Greenbrier Valley Theatre (GVT), the State Professional Theatre of West Virginia, is proud to present the 2018 New Voices Play Festival. The community festival stars local talent, and showcases eight ten-minute plays, and will run Feb. 1-3 at 7 p.m. with a Pay-What-You-Can preview performance on Jan. 31 at 7 p.m.
Tickets are $16 for general admission, $13 for seniors and $10 for children/students. For tickets or more information, call GVT’s Box Office at 304-645-3838 or visit www.gvtheatre.org.
For 10 years GVT has given local talent a chance to perform short plays by playwrights from all over the country. This year GVT combed through hundreds of submissions and found eight plays that will give the participants the courage to take the stage and shine.
“It’s been great fun to create brand-new pieces with our casts. We had several hundred submissions this year by incredible playwrights from around the globe,” said Teaching Artist Lukas Hagley, who is both directing and performing in this year’s festival. “What made us choose these particular plays was the depth assigned to these characters. They deal with love, death, divorce, family… it’s fascinating to see how they deal with these very real issues within the pieces.”
Playwright and director Brent Englar is from Baltimore, MD, where he works as an editor. His plays have been produced all over the United States, and he is a former Regional Representative (Baltimore) for the Dramatists Guild of America. His play, Wednesday’s Child, is the story of a long-married couple, and a surprise that drags up old arguments.
Eugenie Carabatsos holds a BA and an MFA in Dramatic Writing. Her plays have been produced in many different theatres, featured in festivals and development programs and won the Kennedy Center Harold and Mimi Steinberg National Student Playwriting Award and the Trustus Playwrights Contest, to name a few. Her short play, The Night Sky, tells the story of two mid-sized stars as they question their lives and the choices they have made.
Peter Snoad lives in Boston, but his plays have been produced both in the U.S. and internationally. His work has won him awards all across the country, and his most recent full-length play, The Draft, received two Best New Play nominations from New England Theater critics. His production, Notice, is about two strangers whose different understandings can change their lives.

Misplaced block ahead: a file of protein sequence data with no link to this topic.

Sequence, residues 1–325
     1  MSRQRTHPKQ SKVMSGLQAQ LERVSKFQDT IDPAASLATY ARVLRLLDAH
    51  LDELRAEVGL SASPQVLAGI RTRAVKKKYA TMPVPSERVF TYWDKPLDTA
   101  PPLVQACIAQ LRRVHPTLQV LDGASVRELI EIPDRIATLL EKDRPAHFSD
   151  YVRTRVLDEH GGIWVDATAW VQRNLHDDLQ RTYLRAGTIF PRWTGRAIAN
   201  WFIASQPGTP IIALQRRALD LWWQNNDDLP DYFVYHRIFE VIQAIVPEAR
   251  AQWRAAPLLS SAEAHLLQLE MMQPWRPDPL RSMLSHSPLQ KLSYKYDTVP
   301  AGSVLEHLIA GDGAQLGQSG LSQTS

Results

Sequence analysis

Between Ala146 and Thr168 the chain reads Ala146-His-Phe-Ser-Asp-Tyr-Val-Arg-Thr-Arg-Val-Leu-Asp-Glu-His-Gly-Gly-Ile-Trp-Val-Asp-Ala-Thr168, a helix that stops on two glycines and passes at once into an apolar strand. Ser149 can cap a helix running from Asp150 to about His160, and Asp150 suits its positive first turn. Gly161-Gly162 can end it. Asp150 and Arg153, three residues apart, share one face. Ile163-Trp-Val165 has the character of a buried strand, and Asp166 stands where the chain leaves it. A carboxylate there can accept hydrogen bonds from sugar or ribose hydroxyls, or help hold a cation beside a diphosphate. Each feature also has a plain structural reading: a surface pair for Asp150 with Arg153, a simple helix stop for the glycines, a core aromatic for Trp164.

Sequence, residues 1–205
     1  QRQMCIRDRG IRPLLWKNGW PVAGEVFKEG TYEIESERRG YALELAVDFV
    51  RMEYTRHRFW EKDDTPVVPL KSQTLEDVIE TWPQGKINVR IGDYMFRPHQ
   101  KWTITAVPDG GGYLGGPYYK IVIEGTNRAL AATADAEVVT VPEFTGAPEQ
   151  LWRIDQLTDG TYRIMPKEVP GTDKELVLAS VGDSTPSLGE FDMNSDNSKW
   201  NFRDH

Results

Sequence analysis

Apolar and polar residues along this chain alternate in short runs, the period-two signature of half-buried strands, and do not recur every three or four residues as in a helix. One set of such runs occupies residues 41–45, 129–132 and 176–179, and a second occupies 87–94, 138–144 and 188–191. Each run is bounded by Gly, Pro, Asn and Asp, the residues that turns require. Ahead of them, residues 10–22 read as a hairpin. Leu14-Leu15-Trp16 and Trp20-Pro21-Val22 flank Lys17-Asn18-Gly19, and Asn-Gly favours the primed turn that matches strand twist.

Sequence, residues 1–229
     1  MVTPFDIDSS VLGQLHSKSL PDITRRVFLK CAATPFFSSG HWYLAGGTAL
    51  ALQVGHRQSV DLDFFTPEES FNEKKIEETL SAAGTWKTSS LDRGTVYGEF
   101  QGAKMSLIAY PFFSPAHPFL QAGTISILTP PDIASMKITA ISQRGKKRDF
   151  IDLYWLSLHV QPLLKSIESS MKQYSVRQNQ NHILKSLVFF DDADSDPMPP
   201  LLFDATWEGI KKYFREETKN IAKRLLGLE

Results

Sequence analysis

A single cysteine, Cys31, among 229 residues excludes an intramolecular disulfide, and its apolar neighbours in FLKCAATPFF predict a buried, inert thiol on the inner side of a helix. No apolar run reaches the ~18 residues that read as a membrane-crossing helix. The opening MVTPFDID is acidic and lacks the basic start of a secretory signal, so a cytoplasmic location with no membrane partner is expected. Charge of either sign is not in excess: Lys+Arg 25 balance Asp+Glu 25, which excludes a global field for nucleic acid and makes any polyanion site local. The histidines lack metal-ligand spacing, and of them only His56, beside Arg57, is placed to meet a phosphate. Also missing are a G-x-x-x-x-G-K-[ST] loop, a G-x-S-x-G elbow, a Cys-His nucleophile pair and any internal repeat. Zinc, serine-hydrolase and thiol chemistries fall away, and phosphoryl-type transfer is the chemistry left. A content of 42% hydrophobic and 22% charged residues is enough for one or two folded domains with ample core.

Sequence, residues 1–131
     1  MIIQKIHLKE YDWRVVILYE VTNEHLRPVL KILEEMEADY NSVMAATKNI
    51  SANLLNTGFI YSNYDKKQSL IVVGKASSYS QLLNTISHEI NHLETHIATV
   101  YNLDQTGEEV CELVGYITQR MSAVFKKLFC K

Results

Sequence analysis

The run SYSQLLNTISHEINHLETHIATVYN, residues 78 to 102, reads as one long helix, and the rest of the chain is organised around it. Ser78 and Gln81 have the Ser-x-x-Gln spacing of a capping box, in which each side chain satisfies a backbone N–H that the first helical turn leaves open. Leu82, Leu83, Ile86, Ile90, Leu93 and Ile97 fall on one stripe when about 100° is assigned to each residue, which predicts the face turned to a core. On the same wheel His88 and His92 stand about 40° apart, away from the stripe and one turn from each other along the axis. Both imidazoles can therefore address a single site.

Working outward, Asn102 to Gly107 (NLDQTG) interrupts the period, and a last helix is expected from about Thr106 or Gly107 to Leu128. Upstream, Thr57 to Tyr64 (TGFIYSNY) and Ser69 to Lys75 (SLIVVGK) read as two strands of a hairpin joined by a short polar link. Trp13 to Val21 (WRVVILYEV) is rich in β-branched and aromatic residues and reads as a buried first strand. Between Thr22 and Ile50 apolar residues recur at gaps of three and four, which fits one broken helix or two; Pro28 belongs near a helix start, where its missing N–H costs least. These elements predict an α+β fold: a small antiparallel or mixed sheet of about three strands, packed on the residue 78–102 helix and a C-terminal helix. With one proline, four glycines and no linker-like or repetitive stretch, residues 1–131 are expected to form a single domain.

Houston author and playwright Carl Williams’ plays have won numerous national awards and been produced throughout the United States, in Canada and Mexico. Many of his plays have been published in anthologies, and he is a member of The Dramatists Guild America, Texas Nonprofit Theatres and the American Association of Community Theatre. Reflections, his short play, is about two sisters who, in reflecting on the death of their mother, discover the greater worth of treasured possessions.
Marj O’Neill Butler is a published playwright, and proud member of Equity and SAG-AFTRA. She is also a member of the Dramatists Guild and the International Center for Women Playwrights. Her play, Being Ferried, is the story of one woman whose future is foretold on the ferry to New York City.
Nicholas Thurkettle is based in Southern California and his plays have been produced in Wisconsin, Illinois, Minnesota, Maryland and California. As an actor, writer and filmmaker he is a member of the Writers Guild of America and the Orange County Playwrights Alliance whose works has won him many awards. His play Breakfast for Quartet is about four strangers and the very different stories they have to tell.
A member of the Dramatists’ Guild, The New Play Exchange and a charter member of the Playwrights Group of Baltimore, Susan Middaugh’s work has been produced in 27 community theatres in the U.S., England and Canada. Her produced full length plays are Black Widows and A Modern Pas De Deux and two of her short plays have been published by Lazy Bee Scripts. In her play Meet Me in the Endive, a widow won’t admit she needs help until she gets a surprise visit from her late husband.
James T. Kitchens has owned a political consulting firm since 1983. He holds a B.S. in Drama, as well as an M.A. and a Ph.D. in Communications. His play, SLAMMED!, is about an old man who wants to take up a young man’s sport: wrestling.
The program is presented with financial assistance from the WV Division of Culture & History, and the National Endowment for the Arts, with approval from the WV Commission on the Arts.